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In Long-Awaited Victory, Rattler, former #NoDAPL Political Prisoner, Granted Early Release

Updated: Nov 11, 2022


In Long-Awaited Victory, Michael “Rattler” Markus, former #NoDAPL Political Prisoner, Granted Early Release

North Dakota – On November 3, 2022, a North Dakota judge granted #NoDAPL political prisoner Michael “Rattler” Markus early termination of supervised release. Rattler had served half of his supervised release and had eighteen months remaining. In 2018, after a non-cooperating plea, Rattler was sentenced to 36 months federal prison followed by three years supervised release. On October 27, 2022, six years to the day of Rattler’s arrest, Water Protector Legal Collective (WPLC) attorney Sandra Freeman filed a motion requesting Rattler’s early release. The federal court order granting early termination of supervised release is a long-awaited ruling and a victory for Rattler.

Rattler reflected after the news, “When I went to prison I went with my head high. I knew that what I did and am going to do is for the people and unci Maka. I have no regrets. And I will not back down when it comes to our children's future. So I say to you that read this. Do not fear that you might go to jail. Because you have a world of people that support you and stand next to you. Fear the future we leave our children's children if we do nothing.”

Rattler arrived at the Oceti Sakowin resistance camp as a Water Protector in September 2016. On October 27, 2016, militarized police raided the 1851 Treaty Camp, a frontline camp in the pathway of DAPL. Law enforcement officials used sound cannons, tanks, tasers, bean bags, rubber bullets, and pepper spray against unarmed Water Protectors. They broke sacred objects, tore down tipis, confiscated prayer staffs, and demolished an inipi (sweat lodge), arresting the people in the middle of a ceremony inside. This resulted in the arrest of 141 Water Protectors and 2017 federal indictment of seven Indigenous #NoDAPL political prisoners.

On January 23, 2017, Rattler was arrested for federal charges criminalizing the work he engaged in as an Akicita to protect Land, Water, People, and Treaties against militarized police and mercenaries working for the Dakota Access Pipeline (DAPL). Rattler was charged with Civil Disorder and Using Fire to Commit a Felony (which was later dismissed).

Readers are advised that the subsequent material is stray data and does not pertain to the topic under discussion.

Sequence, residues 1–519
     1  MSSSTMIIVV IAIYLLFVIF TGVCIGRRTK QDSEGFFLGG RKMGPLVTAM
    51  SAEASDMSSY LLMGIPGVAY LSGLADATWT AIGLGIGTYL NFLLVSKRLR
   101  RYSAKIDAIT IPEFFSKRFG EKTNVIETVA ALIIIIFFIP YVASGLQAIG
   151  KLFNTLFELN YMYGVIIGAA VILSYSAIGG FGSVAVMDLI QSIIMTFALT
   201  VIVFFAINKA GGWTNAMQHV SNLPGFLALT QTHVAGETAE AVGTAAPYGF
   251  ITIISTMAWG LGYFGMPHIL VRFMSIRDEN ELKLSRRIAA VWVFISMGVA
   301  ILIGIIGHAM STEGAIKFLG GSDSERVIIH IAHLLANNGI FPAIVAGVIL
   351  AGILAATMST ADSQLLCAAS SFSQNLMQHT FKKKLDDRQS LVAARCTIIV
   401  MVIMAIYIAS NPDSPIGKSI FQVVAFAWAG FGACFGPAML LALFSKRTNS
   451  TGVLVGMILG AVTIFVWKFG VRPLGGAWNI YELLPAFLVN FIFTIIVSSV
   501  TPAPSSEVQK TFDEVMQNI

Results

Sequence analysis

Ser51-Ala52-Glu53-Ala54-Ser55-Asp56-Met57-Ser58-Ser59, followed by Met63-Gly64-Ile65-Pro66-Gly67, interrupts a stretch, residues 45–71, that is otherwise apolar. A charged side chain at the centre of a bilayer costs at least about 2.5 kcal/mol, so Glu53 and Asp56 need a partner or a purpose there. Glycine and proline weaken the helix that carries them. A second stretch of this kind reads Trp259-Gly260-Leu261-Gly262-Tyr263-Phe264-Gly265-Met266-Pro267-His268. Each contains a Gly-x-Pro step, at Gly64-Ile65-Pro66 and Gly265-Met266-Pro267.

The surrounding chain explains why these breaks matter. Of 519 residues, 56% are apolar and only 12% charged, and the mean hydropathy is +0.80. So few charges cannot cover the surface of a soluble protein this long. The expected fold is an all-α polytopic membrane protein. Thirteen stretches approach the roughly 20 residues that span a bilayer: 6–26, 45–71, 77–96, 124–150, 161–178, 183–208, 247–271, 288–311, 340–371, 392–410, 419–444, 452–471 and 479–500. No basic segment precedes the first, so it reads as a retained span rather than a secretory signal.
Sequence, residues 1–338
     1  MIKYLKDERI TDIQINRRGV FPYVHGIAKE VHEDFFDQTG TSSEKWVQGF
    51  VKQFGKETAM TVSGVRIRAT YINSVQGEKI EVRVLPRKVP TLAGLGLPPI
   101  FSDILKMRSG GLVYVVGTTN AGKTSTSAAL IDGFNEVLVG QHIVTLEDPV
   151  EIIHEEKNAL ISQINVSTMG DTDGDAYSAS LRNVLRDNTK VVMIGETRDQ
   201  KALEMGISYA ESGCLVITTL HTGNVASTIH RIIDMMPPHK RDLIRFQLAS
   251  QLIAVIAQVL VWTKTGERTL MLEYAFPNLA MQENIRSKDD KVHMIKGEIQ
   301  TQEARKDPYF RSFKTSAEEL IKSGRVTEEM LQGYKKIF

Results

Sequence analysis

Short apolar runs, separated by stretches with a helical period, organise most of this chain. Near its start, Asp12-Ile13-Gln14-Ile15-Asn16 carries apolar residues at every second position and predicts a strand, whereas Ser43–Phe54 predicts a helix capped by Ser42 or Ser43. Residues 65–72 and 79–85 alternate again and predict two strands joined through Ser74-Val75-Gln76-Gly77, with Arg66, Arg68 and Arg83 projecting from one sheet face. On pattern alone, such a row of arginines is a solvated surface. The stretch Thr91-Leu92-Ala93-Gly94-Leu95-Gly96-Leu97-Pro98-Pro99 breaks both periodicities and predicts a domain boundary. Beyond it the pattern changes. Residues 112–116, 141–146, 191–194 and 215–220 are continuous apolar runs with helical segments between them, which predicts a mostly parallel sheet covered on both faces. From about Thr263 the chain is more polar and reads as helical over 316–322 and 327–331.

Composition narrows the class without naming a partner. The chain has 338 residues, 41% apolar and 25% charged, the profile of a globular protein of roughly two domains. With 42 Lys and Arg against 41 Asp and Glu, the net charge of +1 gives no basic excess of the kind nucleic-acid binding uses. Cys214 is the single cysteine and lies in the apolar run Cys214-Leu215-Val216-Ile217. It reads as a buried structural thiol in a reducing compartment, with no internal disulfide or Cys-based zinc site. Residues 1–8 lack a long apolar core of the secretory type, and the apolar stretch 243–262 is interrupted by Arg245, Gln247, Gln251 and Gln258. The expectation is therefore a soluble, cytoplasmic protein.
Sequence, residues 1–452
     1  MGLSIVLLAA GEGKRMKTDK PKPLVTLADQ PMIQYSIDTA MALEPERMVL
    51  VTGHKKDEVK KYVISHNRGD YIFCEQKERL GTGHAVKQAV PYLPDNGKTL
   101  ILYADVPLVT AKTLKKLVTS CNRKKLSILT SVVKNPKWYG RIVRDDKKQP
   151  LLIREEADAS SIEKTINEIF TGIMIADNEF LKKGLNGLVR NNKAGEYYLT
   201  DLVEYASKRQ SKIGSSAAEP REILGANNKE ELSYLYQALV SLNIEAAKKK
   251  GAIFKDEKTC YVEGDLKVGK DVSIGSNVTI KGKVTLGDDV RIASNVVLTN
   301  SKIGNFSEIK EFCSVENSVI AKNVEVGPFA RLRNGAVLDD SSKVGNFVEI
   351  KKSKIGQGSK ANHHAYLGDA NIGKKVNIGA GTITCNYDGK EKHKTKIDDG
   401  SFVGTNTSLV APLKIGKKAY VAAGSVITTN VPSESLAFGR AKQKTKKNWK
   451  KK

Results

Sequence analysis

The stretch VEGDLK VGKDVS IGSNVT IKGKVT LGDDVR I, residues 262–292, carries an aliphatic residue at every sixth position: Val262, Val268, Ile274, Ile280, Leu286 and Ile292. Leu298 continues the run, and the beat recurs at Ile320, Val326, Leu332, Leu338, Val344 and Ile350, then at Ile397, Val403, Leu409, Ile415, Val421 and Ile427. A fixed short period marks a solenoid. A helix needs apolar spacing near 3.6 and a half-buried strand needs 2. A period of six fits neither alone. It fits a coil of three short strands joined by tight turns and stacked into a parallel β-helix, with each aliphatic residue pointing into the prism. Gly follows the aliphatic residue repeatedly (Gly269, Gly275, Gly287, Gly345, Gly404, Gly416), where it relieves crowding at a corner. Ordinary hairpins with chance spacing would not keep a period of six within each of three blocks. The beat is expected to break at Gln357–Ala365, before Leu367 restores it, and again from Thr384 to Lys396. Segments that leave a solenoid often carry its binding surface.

In a February 2017 interview with The Guardian, attorney Sandra Freeman explained that Rattler had been prosecuted under a law that’s rarely used in federal court and was passed in 1968 to control the American Indian Movement, Black Liberation Movement, and Vietnam war protests. The charges were clearly meant to repress free speech rights. Sandra stated, “Law enforcement tactics started escalating and markedly changing in January. It was no longer a confrontation at demonstrations, but single people being picked off, being brutalized, and being interrogated. In general, it’s law enforcement out of control.

The courts refused to grant Rattler a change of venue despite alerting the judge to statistics proving 77% of potential jurors in Morton County and 85% in Burleigh County had already decided that defendants were guilty and many potential jurors have close connections to law enforcement or the oil industry. Rattler entered into a non-cooperating plea deal. He was sentenced to 3 years in prison on September 28, 2018, for “Civil Disorder” in relation to his nonviolent actions as an Akicita Water Protector at Standing Rock. At his sentencing, he explained that he initially only arrived at Oceti Sakowin to deliver supplies but decided to stay after the events of September 3, 2016, when DAPL bulldozers destroyed sacred sites, including graves, and private security forces used dogs on Water Protectors. Rattler resolved to serve as akicita and defender, standing between police and Water Protectors in hopes of “keeping everybody safe.”

Akicita is a traditional role among the Lakota Nation that protect the peace. “Akicita is a life commitment, living a life of service and accountability…Akicita leave no one behind.”

Akicita Michael “Rattler” Markus is Oglala Lakota from Pine Ridge, SD. He is a descendant of the war Chief Makpiya Luta, translated as Red Cloud. Chief Red Cloud, who after many successful battles, signed the 1868 Treaty of Fort Laramie in an effort to protect his people. Rattler's Lakota name is Mato Tanka, meaning Big Bear. He is a Sundancer and Canupa (sacred pipe) carrier. Rattler is also a US Marine veteran.

Standing Rock was a training ground. It was started by children, by the youth. Those are the generations that we’re thinking about. What are we going to leave them—birds animals, rivers? What kind of legacy do you want to leave your children? For rich people, it’s a big bank account. For me it’s Mni Wiconi—water is life.Rattler


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